Photo Credit: TheStar
The season to be jolly is just around the bend! Families have already begun their Christmas shopping, be it the Christmas tree, present or Christmas cards, you name it, they are selling FAST – including bus tickets 😉
Christmas is time for us to spend with our loved ones especially after working and stressing all year long. This includes exchanging presents, singing Christmas carols and just being merry. However, in some other parts of the world, Christmas is celebrated differently from the norm. Here are some unique Christmas traditions and customs from around the world.
#1 Merry Licking Good (Japan)
The Japanese culture is filled with tradition. Much of their way of life has even made its way into the corporate world, school curriculum and more – even Christmas. Take their association that the Japanese have of Kentucky Fried Chicken (KFC) with Christmas for one, all thanks to a smart marketing campaign held decades ago.
Back in the day, KFC was owned by automobile powerhouse and Japan’s own, Mitsubishi Corporation, who started promoting fried chicken as a Christmas meal when they realised the lack of tradition practised by the Westerners.
Apparently, a foreigner entered a KFC restaurant in Tokyo and stated he had no other option but to eat chicken for Christmas Eve as it was impossible to find turkey in Japan. Seeing as an opportunity, an employee told his supervisor it would be a good idea to promote KFC during Christmas as a substitute for turkey.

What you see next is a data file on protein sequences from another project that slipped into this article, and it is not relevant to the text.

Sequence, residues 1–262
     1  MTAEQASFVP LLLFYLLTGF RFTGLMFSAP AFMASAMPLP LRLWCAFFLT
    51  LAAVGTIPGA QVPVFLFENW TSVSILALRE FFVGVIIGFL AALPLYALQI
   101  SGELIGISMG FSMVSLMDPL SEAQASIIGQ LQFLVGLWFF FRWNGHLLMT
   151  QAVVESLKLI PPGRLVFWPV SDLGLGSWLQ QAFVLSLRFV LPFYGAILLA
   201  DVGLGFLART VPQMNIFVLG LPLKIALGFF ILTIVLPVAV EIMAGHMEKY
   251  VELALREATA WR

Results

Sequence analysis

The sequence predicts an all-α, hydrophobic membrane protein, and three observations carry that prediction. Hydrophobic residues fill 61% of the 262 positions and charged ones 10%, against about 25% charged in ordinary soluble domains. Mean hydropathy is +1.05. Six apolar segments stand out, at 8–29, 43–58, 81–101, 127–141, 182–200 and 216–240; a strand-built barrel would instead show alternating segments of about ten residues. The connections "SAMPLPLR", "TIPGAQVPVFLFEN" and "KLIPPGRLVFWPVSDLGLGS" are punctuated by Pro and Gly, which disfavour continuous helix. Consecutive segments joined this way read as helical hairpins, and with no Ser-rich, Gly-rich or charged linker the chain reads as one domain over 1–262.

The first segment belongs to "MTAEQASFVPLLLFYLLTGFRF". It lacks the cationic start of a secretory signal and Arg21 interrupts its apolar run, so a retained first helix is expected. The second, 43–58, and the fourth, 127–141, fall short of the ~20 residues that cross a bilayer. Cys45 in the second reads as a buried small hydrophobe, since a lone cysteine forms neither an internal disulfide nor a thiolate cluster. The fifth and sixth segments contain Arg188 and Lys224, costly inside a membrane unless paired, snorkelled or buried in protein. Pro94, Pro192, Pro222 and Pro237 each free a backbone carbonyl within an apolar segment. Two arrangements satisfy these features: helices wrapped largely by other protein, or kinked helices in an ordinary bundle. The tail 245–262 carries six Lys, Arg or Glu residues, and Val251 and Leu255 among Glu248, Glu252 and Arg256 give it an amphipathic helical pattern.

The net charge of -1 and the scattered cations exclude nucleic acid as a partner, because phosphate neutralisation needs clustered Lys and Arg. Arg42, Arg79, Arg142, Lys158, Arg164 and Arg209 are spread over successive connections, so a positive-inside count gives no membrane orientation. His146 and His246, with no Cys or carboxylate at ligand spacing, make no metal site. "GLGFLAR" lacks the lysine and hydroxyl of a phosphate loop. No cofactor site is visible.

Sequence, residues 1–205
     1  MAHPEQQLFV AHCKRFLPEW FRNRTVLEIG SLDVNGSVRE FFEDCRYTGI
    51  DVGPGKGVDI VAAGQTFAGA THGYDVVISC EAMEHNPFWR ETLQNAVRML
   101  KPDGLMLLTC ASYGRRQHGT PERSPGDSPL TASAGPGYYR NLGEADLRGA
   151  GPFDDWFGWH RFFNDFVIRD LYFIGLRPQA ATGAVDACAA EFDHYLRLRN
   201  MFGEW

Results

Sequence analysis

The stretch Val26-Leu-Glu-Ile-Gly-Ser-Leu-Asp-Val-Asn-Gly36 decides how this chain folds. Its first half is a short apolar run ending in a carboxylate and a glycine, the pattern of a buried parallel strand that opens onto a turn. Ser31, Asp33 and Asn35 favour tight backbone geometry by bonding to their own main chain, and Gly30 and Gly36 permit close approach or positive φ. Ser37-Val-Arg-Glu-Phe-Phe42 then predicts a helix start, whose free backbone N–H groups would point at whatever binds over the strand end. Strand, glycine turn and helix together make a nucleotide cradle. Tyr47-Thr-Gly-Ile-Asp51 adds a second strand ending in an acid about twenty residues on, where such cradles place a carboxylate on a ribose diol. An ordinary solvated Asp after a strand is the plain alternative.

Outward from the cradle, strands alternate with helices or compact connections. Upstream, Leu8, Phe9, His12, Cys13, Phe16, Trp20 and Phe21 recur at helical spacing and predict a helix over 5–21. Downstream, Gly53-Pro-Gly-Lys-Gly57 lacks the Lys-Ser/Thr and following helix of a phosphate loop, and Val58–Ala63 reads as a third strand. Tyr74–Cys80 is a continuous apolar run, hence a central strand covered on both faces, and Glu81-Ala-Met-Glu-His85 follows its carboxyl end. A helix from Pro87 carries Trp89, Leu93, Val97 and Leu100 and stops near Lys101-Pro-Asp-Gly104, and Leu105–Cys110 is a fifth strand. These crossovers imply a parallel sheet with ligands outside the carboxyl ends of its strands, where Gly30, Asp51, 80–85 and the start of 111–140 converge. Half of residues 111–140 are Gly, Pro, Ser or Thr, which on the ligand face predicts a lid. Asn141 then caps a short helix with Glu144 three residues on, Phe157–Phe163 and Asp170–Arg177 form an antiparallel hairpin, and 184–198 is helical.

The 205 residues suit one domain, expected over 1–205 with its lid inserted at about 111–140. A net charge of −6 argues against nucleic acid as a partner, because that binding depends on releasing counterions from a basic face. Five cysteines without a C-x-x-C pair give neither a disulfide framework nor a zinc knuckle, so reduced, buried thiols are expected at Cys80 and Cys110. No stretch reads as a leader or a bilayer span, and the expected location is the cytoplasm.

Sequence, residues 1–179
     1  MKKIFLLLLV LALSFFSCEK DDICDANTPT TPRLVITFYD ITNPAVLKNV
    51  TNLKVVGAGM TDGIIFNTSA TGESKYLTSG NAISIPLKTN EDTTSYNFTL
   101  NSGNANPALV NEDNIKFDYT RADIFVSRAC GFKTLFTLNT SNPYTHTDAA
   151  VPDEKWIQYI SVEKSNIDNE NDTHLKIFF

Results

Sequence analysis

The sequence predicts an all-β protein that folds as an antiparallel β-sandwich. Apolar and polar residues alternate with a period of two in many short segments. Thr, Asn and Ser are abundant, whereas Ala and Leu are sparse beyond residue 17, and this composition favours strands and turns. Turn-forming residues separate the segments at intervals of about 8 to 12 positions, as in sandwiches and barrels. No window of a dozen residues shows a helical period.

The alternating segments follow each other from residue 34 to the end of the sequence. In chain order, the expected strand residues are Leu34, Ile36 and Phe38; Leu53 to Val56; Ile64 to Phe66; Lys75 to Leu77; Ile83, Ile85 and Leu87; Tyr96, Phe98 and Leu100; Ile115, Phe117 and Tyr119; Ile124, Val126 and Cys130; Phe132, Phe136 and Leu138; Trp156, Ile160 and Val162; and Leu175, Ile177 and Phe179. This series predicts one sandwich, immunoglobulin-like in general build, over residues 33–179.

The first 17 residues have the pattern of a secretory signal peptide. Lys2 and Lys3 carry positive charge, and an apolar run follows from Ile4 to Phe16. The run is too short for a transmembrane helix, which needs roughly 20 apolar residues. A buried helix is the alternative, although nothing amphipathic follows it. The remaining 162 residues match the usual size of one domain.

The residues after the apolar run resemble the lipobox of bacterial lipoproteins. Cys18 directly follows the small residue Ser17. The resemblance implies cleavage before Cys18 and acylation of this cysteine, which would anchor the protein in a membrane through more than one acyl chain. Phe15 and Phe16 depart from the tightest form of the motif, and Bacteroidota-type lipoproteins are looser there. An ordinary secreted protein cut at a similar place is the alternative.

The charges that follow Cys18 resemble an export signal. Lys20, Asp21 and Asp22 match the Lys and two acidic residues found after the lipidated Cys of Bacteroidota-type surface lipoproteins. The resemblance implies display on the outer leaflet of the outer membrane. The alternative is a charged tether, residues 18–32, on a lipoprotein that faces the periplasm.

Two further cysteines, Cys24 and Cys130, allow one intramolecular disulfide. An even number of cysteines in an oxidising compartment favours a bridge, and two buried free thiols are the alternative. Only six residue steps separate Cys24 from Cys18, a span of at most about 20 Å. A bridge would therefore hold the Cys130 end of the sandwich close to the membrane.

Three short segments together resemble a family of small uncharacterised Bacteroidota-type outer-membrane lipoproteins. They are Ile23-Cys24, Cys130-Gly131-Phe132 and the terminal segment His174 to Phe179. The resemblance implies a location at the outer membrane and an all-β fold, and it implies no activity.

And guess what? The practice of having KFC for Christmas has been passed down from generation to generation! This ‘tradition’ has become so popular that you would have to order your meal in advance to enjoy it during the holidays, resulting to 5 to 10 times more sales than the usual monthly sales.
Definitely, fingers licking good!
#2 Skate To Service (Venezuela)
City dwellers know ALL TOO WELL, the pain that is traffic congestions and honking vehicles on the road. Wouldn’t it be nice to be able to skate to certain places for a change? Well, head on over to Caracas, the capital of Venezuela!
From 16 December to Christmas Eve, people can roller-skate to morning service. If you are wondering whether there has been any casualties or occurrences of people being run over by cars on the road, the answer is – no, streets are closed during this point of time to cater for the skaters.
Children, on the other hand, take things a tad bit further. Before bedtime, they would often tie a string to their big toe and hang it the other end of the string outside their window. When dawn breaks, skaters passing by would give that string a tug as a form of holiday greeting.
#3 A Spidey Christmas (Ukraine)
Christmas ornaments and decorations we put around the house and Christmas trees are all part of the festivity. Your tinsels, fairy lights, baubles and more, but spider webs?
This peculiar practice has a local Ukrainian folklore behind it. Legend has it, there was once a poor woman who could not decorate her Christmas tree and left it as it was. On Christmas morning, her children and her woke up to find that their tree had been covered with spider webs. Upon touching the first light of Christmas, the webs miraculously turned into silver and gold, granting the family wealth, changing their lives forever.
Today in modern day Ukraine, Christmas trees are decorated with fake spider webs as it is believed to be a sign of good luck.